I would like to show:

for all $n\in\omega$, $(\aleph_{n+1})^{\aleph_0}\leq\aleph_{n+1}\cdot(\aleph_n)^{\aleph_0}$

Actually I see this problem can be solved using the approach Brian Scott uses here:

For every $n < \omega$, $\aleph_n^{\aleph_0} = \max(\aleph_n,\aleph_0^{\aleph_0})$

Most unfortunately, Brian hasn't been here for over a year (hope he's OK), so perhaps someone would explain one aspect of his proof:

Now consider a function $\varphi:\aleph_0\to\aleph_m$; $\aleph_m$ is an uncountable regular cardinal, so $\sup\{\varphi(k):k\in\aleph_0\}<\aleph_m$, and $\varphi$ actually maps $\aleph_0$ into $\eta$ for some ordinal $\eta<\aleph_m$.

My question is why, since $\aleph_m$ is an uncountable regular cardinal, its cofinality is $\aleph_m$, so why is the $\text{sup}$ less than $\aleph_m$?

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    $\begingroup$ By definition of cofinality $\endgroup$ Apr 29, 2018 at 17:41
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    $\begingroup$ So the inequality is actually an equality. $\endgroup$ Apr 30, 2018 at 2:49
  • $\begingroup$ @DanielWainfleet I was concerned with an intermediary step. These notes caicedoteaching.files.wordpress.com/2009/04/… on p. 9 attribute it to Tarski. "Intro to Cardinal Arithmetic" p. 64 attributes it to Hausdorff. $\endgroup$
    – user12802
    Apr 30, 2018 at 14:06
  • $\begingroup$ I suspected that was the case. I said it anyway $\endgroup$ Apr 30, 2018 at 14:55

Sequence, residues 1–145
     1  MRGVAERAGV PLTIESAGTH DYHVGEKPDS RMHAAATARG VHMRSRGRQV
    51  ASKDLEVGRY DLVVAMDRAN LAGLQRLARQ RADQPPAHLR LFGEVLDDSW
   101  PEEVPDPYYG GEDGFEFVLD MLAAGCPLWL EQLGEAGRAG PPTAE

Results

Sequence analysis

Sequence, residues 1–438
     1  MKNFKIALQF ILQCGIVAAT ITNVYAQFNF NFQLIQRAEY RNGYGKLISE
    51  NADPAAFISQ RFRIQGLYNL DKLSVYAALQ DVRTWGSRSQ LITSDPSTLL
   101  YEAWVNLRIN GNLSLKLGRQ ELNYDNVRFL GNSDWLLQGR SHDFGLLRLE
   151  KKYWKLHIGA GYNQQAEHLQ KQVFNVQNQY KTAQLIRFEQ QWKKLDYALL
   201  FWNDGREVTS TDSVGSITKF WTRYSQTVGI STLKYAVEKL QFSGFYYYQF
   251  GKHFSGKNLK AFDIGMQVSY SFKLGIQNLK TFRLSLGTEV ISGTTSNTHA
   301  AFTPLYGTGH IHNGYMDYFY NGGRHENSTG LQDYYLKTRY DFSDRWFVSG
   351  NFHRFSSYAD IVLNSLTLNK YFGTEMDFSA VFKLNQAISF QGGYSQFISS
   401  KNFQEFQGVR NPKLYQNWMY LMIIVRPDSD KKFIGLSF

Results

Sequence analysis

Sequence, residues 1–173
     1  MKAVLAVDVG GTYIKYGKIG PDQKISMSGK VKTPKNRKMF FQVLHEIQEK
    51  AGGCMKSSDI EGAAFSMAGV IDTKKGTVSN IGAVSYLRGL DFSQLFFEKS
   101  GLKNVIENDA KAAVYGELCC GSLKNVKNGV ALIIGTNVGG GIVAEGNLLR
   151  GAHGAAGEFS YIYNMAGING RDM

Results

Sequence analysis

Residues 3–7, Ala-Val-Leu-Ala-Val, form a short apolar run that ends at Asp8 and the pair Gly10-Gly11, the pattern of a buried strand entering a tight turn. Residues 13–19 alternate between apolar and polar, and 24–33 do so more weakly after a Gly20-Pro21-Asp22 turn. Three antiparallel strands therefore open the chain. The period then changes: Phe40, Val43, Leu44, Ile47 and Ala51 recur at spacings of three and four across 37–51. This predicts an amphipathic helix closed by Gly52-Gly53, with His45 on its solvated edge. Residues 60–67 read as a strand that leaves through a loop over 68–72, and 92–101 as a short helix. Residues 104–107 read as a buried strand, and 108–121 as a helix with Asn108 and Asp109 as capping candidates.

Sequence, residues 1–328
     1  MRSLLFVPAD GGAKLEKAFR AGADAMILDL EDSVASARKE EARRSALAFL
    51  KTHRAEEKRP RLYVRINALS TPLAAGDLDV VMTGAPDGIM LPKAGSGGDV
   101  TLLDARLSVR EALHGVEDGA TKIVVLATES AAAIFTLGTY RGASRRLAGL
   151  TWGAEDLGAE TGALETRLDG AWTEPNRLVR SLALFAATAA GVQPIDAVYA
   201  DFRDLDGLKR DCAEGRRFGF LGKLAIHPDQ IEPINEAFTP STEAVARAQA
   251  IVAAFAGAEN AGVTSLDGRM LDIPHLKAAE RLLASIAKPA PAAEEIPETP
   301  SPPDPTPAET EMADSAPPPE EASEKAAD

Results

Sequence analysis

• $\begingroup$ @DanielWainfleet Appreciated; happy to receive all the help I can get. $\endgroup$
    – user12802
    Apr 30, 2018 at 14:58

1 Answer 1


Suppose for a contradiction that $\sup \{\varphi(k):k\in\omega\}$ is $\aleph_m$. Then, the sequence of sets $\bigcup_{k\in\omega}\{\varphi(j):j\leq k\}$ is cofinal in $\aleph_m$ and has length $\aleph_0$. This contradicts the regularity of $\aleph_m$ ($m\neq 0$ since $\aleph_m$ is an uncountable cardinal).

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    $\begingroup$ Thanks for this. I have been studying it for a while, and maybe I could ask some follow-up questions. First, the length $\aleph_0$ that you mention comes from $\bigcup_{k\in\omega}$? So is that really the key, that with a domain of $\omega$ you will never reach $\aleph_m$? $\endgroup$
    – user12802
    Apr 29, 2018 at 19:52
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    $\begingroup$ Yes, that's the idea of cofinality: since $\aleph_m$ is regular, it is its own cofinality, so you need a sequence of $\aleph_m$, and no less, sets smaller than it to cover it. $\endgroup$
    – Leo163
    Apr 29, 2018 at 21:44

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